Personally, I think a more interesting game is one in which angel 2 is only allowed to guess the function / consult the oracle $< K$ times for some fixed natural number $K$.

Claim: Such a game should not be played

Similar to A E's answer - for any finite number of known (input, output) pairs, there are an infinite number of possible total computable functions that give such an output. (Note these are still [non-computably] enumerable as earlier, ie I can find a list such that any given function appears at a finite place in my list).

BUT at any finite time, I have not nailed down the given output for definite, and still have an infinite number of possibilities. So I cannot win.


To explain the conceptual difference between these games / these answers, consider this analogy:

Instead, angel one proposes "I am thinking of a fixed natural number $N$. At each step, you're allowed to either ask for the digit at position $p \in \{0, 1, \dots \}$ (ie, the digit representing the number of $10^p$s in my number); OR guess the number. Can you guess my number correctly in a finite number of steps?"

If angel two just guesses digits, they get nowhere: there are always an infinite number of possible numbers out there fitting the information they have received. But if instead they just start guessing possibilities, they could simply ask "Is 1 right? Is 2 right? Is 3 right?..." and definitely win in finite time.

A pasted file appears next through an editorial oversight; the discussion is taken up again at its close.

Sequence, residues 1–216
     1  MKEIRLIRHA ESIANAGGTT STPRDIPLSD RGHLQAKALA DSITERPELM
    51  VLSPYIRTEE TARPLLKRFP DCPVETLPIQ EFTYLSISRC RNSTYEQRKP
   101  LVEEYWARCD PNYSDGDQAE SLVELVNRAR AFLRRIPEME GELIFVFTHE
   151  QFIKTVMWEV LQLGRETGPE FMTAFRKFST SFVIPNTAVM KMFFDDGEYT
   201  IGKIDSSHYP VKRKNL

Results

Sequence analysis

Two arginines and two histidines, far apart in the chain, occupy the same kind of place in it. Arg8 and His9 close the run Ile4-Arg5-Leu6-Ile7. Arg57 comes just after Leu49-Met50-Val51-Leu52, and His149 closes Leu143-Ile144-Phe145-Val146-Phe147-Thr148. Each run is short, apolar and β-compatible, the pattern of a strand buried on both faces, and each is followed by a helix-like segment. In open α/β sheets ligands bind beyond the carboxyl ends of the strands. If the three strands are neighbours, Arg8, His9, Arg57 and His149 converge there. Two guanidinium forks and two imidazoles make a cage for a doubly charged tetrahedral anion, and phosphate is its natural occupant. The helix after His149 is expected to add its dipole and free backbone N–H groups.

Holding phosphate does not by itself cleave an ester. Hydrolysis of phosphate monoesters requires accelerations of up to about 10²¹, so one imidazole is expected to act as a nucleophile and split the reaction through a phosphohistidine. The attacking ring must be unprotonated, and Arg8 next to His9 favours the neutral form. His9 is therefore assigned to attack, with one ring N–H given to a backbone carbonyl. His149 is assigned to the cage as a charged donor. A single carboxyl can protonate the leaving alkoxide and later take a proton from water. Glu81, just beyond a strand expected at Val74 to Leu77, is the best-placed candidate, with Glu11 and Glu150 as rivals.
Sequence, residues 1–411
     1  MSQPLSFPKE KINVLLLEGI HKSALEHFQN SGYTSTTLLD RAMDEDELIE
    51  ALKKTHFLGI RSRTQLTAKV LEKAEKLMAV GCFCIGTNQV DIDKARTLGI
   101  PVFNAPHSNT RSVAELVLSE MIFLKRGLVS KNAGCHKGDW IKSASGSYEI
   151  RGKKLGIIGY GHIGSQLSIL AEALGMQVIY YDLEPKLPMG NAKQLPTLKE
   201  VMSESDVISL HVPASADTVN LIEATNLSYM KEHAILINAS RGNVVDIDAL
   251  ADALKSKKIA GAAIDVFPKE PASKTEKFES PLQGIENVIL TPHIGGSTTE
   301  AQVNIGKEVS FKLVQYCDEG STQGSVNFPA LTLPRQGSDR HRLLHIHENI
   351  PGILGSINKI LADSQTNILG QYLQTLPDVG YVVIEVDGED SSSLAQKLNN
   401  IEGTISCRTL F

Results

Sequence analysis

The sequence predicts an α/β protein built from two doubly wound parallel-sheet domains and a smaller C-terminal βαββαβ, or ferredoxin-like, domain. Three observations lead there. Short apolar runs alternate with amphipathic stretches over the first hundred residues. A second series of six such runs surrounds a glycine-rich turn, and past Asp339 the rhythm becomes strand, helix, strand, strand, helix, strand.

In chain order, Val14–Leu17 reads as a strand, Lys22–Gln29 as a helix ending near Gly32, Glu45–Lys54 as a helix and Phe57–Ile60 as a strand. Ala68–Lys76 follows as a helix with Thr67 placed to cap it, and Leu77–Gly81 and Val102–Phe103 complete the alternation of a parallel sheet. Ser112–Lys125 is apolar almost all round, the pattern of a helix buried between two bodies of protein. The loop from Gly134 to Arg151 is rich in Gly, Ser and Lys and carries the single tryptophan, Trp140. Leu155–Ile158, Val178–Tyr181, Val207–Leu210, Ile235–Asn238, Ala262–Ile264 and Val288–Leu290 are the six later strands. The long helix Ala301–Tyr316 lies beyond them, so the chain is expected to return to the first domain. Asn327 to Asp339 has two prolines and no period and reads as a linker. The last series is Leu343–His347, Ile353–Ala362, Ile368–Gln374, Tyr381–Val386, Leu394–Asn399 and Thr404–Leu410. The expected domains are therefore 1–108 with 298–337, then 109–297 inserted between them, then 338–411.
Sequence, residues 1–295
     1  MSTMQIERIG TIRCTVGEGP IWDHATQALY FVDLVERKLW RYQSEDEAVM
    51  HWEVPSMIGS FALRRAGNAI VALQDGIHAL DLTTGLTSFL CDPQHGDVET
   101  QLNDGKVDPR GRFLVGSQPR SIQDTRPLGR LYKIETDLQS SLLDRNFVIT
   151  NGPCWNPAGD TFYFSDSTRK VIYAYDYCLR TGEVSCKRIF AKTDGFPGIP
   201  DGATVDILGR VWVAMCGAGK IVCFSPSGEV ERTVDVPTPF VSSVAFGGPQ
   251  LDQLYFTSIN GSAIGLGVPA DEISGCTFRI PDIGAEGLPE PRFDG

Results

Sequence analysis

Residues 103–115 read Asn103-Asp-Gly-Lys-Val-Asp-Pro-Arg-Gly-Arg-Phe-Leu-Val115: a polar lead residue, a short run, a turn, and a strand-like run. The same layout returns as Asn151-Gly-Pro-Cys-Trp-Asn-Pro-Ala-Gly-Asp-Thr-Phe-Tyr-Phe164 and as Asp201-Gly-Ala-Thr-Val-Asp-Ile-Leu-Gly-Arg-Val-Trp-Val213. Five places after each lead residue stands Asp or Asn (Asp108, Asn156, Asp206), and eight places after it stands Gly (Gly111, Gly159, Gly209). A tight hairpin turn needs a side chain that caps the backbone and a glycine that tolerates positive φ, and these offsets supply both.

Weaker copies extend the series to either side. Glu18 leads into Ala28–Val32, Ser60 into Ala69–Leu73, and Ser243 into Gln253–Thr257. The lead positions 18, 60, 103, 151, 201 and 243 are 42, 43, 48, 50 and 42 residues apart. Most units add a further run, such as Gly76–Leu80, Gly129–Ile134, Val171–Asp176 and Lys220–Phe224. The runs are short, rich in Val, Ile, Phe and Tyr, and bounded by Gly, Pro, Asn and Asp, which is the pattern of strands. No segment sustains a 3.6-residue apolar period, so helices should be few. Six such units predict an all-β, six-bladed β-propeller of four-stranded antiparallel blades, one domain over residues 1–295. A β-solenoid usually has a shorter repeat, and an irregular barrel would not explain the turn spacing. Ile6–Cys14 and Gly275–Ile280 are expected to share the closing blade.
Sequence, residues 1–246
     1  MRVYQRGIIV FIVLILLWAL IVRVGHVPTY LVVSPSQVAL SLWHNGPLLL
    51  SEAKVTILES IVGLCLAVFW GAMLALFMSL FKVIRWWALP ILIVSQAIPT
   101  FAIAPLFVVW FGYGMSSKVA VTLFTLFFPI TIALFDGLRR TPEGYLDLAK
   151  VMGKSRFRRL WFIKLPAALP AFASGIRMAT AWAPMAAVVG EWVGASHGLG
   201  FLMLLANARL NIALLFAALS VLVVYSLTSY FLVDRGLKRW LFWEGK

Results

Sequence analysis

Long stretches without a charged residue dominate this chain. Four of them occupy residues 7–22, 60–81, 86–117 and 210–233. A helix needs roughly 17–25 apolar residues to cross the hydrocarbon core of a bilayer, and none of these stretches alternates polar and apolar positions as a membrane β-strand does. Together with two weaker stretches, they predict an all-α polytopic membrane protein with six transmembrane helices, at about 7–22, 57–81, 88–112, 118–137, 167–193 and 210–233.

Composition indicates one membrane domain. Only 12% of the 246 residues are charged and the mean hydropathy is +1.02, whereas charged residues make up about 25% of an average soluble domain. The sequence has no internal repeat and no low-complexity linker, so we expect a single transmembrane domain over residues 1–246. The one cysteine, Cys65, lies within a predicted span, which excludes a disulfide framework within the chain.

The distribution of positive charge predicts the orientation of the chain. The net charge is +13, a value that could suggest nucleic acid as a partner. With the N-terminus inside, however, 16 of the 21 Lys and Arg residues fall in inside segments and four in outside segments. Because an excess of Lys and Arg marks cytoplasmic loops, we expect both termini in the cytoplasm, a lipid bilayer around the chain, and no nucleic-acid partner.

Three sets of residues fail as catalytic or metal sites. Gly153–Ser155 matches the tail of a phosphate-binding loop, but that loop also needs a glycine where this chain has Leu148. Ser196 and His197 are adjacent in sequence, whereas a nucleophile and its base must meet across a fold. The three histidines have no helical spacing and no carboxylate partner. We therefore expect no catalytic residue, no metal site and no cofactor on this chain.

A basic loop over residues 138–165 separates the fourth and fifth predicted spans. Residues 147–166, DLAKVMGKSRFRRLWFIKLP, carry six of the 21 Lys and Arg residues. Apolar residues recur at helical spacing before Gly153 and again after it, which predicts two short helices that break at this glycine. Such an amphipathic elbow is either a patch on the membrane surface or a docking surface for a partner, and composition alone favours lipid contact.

Extensions:

It's a different question working out fast strategies to guess $N$. The above method takes $N$ turns. But you could also you could instead at every $n=2k\,$th step, ask for the $k\,$th digit, $d_k$, of the number, and at every $n=2k+1\,$th step, ask if the number is $d_k d_{k-1} \dots d_1 d_0$. This finds the number in $O(\log(N))$ steps.

  • Challenge 1: Is it possible to do any better in terms of the running time of angel 2's algorithm? (for this new problem?)

  • Challenge 2: In the original question (assuming the interpretation as in Case 1), if angel one chooses a partial computable function $\{N\}$ (ie with Gödel number $N$), does there exists / can you create a general algorithm for angel 2 which improves on the trivial worst-case run time of $O(N)$ (like we have done for the analogous problem above)?

I don't actually know the answer to either of these questions... Might think about them if I have a little longer.

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  • $\begingroup$ Very nice summary, and interesting extensions of the question! $\endgroup$ – Peter LeFanu Lumsdaine Mar 11 '15 at 2:25